Totalitarian movements have always destroyed their enemies. Peter the Great of Russia murdered members of the Streltsy military corps by taking the ax of the executioner to cut off their heads one by one himself. The Bolsheviks murdered the last Russian Czar—along with his wife and family—by telling them they were going to have their picture made. As they smiled into the camera, they were shot, buried and had acid poured over their remains.
Stalin continued the blood bath of the Russian Revolution by murdering thousands of his own who didn’t agree with Marxism. The Nazis had their gas chambers, not just for Jews, but also for dissenters. Fidel Castro turned his popularity into tyranny and brave Cubans gave their lives trying to free their beloved island. The Khmer Rouge in Cambodia tortured and murdered the intelligentsia in the S21, the regular folk in the Killing Fields. The slightest lack of support for Pol Pot and the new regime earned one a place in a mass grave.
There was a dreadful logic in all of this: By killing the opposition, you eliminated any possibility of future resistance, and you eradicated any personality who could possibly remind or rally future generations to any other way of thinking. Power was—at least for a time—absolute in each situation.
But times have changed and so have strategies. Saul Alinsky, radical of the ’60s, author of “Rules for Radicals” who was all about taking power, suggested that you target your opposition, make it personal and destroy him. Recent decades have seen this play out in the demonization and ruination of a host of people. They weren’t killed, but they were in essence destroyed so that no one in the mainstream culture would ever again listen to or heed their advice. Richard Nixon … Oliver North … Clarence Thomas … Dick Cheney … Tom DeLay … George W. Bush … Sarah Palin. Have Americans stopped to think that these destroyed people are all on the political right? Have they noticed that Bill Clinton and Ted Kennedy and Barney Frank still walk among us, exercising influence, with whatever reputations they have in tact?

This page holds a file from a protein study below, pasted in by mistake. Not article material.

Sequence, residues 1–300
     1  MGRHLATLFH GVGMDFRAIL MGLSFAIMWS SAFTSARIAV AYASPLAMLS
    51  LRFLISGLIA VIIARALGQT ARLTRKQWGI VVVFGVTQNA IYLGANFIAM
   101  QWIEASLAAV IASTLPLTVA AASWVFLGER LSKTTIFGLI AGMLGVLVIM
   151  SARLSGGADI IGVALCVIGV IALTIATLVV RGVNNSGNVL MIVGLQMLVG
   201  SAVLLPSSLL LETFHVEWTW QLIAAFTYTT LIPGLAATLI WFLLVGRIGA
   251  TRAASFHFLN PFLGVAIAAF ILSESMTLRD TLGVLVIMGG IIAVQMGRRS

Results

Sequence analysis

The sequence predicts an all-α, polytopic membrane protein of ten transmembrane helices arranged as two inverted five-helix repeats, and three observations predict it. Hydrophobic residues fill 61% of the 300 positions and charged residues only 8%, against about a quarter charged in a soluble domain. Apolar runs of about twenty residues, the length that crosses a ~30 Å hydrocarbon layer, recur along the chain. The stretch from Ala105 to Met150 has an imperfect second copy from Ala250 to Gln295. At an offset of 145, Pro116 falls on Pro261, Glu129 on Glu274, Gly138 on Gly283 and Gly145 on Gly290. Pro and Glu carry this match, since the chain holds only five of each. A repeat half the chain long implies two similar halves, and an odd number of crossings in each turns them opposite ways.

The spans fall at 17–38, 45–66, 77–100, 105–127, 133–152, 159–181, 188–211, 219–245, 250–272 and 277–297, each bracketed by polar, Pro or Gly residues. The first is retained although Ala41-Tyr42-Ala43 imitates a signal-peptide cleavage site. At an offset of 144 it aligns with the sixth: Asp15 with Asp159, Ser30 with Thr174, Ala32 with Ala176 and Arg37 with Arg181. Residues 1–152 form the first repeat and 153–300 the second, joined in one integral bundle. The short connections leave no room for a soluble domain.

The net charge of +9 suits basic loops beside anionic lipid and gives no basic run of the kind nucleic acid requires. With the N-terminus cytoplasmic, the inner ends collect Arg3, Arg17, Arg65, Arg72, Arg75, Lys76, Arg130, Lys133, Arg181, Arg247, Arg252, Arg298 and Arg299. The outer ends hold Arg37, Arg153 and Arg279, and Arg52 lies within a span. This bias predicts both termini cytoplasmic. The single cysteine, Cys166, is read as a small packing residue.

Yes, times have changed. Under the careful guidance of Fidel Castro, the driving force behind the Sao Paulo Forum, a new method of gaining power has emerged: 1) Get elected through the system, 2) change the constitution, 3) corrupt the elections 4) nationalize banks and industry and 5) punish your opposition. A leader needs to make just a few bold moves in each category so that all will get the message. According to Alejandro Peña Esclusa, the former Venezuelan presidential candidate who has been tried on several occasions for his opposition to Hugo Chavez, this insidious method of instilling a totalitarian regime is now working in 17 Latin American countries.
“It would seem that the changes that started in Venezuela in the last decade of the 20th century have begun to reach North America,” Hugo Chavez said just last week even as he was jailing opposition mayors in at least three cities.
Now the president, however coyly, and the Democratic leadership, boldly, are seeking to prosecute the last administration for political disagreements by calling them crimes. They want to punish Bush officials who gave legal advice and permission to proceed with interrogation techniques including water boarding that documents show most assuredly saved American lives.
They have released top secret documents, jeopardizing American safety further by making the people who protect and defend us worried sick both for fear of retribution and the very real potential harm that could be done to the nation as a result.
Former President Bush, Vice President Cheney, Secretary of State Rice, Karl Rove and attorneys at Justice and the CIA won’t be lined up and shot, but they will, if this insidious method of taking power has its way, be destroyed financially and personally—with their reputation in shreds.
And then who will stand up to speak against the dominant left? No one. And that’s the point.